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Brian J. Hall

New York University Shanghai

Short bio:

Brian J. Hall is a tenured Full Professor of Global Public Health and the Founding Director of the Center for Global Health Equity at NYU Shanghai. Professor Hall earned his PhD in Clinical Health Psychology from Kent State University and completed his clinical internship at the Medical University of South Carolina as a NIMH T32 predoctoral traumatic stress fellow. He specialized in epidemiological methods, public mental health, and Global Mental Health during a two-year NIMH T32 Fellowship in Psychiatric Epidemiology in the Department of Mental Health, at the Johns Hopkins University Bloomberg School of Public Health (JHBSPH). In 2013 he moved full-time to China to focus on infectious disease epidemiology and migrant health through a Fogarty Global Health Fellowship, hosted by the Center for Migrant Health Policy, Sun Yat-sen University School of Public Health and the University of North Carolina Institute of Global Health and Infectious Disease.

Hall was the inaugural Global Mental Health Fellow of the World Health Organization and co-developed the new cultural sections of the ICD-11 Neurological and Psychiatric Conditions. He participated in the formulation of the scalable mental health program launched by the WHO, including Step-by-Step, the WHO scalable digital mental health intervention which Hall culturally adapted and trialed for Overseas Filipino Workers and Chinese young adults.

Hall is the recipient of numerous awards, including the Young Investigator Award: Applied Science, International Union of Psychological Science, and the APA Award for Distinguished Contributions to Psychology in the Public Interest, and a Faculty Excellence in Advising Award, from the Center for Global Health (JHBSPH). Hall is an elected Fellow of the American Psychological Association and an inductee into the Delta Omega Honorary Society for Public Health. Hall has co-authored more than 330 journal articles and other publications and is a Clarivate 1% highly cited researcher.

Evidence for the importance of the social determinants of migrant health in a changing world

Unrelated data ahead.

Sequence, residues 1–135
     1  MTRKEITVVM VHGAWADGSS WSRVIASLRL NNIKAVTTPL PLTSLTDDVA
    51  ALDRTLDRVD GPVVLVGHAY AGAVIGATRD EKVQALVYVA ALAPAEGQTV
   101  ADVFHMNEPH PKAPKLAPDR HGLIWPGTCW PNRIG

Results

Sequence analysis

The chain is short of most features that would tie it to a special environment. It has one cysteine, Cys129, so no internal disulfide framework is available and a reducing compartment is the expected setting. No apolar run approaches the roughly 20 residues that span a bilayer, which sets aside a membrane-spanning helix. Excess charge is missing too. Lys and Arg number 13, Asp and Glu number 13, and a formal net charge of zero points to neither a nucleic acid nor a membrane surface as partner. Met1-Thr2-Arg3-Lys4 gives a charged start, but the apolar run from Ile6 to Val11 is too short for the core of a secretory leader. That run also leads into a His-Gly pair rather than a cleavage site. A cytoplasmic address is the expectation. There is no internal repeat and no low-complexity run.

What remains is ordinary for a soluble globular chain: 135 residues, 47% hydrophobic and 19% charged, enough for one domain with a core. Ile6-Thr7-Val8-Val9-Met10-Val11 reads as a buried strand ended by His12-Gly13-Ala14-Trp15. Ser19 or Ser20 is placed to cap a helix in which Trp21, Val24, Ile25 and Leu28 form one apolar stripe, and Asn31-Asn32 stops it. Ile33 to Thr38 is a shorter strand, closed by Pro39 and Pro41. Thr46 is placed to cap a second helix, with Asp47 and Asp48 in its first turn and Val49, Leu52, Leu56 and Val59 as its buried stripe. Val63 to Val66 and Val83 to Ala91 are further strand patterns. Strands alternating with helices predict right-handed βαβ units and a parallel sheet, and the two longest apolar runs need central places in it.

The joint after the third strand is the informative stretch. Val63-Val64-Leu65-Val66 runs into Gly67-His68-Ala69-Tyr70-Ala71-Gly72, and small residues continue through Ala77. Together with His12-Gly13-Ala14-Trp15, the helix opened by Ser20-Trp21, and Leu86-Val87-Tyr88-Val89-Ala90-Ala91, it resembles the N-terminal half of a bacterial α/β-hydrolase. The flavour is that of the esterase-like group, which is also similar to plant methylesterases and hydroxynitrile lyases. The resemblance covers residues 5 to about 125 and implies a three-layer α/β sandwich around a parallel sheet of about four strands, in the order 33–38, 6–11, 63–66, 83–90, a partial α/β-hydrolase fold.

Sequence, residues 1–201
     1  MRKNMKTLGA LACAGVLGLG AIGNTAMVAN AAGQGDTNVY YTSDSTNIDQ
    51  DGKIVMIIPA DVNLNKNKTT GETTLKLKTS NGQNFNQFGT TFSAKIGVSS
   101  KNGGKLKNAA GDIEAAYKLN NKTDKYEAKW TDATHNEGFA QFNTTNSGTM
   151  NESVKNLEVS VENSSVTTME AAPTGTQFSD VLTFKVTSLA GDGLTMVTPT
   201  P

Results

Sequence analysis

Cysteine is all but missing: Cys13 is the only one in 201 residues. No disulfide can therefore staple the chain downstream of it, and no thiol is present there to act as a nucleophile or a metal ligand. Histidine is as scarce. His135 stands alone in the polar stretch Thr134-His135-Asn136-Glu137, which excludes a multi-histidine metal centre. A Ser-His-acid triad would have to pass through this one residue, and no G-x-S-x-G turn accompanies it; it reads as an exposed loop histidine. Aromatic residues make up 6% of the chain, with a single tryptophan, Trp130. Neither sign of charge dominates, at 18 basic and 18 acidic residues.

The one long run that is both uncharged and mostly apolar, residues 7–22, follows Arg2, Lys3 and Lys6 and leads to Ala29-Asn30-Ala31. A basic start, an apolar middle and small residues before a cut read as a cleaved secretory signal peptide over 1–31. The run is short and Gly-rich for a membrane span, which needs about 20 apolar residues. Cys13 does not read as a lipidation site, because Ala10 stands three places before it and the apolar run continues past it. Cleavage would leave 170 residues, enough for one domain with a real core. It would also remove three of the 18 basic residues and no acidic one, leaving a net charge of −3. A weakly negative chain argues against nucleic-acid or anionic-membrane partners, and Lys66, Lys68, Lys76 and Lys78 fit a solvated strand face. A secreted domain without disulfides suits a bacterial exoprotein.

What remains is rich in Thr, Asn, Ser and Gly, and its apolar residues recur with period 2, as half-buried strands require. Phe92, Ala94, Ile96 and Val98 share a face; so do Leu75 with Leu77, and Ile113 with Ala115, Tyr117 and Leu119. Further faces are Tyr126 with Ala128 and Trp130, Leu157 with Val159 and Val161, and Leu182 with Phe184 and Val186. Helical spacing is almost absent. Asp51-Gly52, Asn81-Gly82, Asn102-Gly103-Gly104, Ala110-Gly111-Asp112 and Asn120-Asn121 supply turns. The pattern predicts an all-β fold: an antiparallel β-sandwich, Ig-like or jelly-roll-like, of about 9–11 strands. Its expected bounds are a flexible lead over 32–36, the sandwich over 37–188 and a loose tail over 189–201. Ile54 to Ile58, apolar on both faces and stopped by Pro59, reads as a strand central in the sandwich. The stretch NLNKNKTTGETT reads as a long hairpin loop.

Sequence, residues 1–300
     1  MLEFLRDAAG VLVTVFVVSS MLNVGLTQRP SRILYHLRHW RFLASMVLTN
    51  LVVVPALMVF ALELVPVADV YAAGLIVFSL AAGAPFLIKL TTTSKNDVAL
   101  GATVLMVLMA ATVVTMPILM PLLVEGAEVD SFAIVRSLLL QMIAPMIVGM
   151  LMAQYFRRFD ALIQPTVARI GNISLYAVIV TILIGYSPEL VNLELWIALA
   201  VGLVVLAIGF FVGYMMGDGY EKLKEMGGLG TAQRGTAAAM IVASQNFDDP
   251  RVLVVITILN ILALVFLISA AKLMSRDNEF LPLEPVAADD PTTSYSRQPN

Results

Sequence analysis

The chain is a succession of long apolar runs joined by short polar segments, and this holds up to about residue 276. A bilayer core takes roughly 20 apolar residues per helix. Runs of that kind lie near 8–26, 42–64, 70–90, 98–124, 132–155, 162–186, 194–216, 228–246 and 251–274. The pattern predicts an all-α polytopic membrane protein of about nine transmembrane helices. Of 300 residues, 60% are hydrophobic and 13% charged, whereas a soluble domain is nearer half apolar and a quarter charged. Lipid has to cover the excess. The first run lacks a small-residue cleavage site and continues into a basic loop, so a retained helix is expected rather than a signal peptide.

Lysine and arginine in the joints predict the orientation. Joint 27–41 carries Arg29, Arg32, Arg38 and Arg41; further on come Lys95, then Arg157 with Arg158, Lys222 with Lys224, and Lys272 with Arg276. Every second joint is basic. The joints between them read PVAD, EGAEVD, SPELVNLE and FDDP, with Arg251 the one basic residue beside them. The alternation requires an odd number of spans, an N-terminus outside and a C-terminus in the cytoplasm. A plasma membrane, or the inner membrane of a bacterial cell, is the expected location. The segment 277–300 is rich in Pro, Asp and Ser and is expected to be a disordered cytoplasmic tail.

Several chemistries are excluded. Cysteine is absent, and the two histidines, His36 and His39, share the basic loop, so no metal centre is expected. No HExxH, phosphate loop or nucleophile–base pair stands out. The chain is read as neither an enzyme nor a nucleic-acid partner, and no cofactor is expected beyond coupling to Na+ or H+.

The health and wellbeing of migrant populations is a pressing global public health concern. Migrants – whether they are distressed labor migrants or humanitarian migrants – experience myriad challenges in their migration journey. Key drivers of population health risks for migrants involve cumulative exposures to the social determinants of health (e.g., discrimination, lack of decent work, poor social networks, and limits on social integration), along with potentially traumatic life events (e.g., disasters, interpersonal violence). Despite the need for mental health services, care seeking remains low due to several key barriers to treatment, including a lack of available providers, cultural taboos, and linguistic challenges. While it is important to focus on the exposures leading to poor health within these communities, positive community attributes and strengths are also critical to assess and amplify. This includes understanding the social network ties and forms of support provided, including instrumental support provided by community members which may reduce the burden of mental ill health. The current talk will provide examples from more than 15 years of community engaged mixed-methods research to understand, quantify, and intervene to improve the health of diverse migrant communities. Findings from these studies will be discussed with an emphasis on best practices for community-engaged research with vulnerable migrant groups, along with policies and interventions that could be implemented to improve the health of the population.

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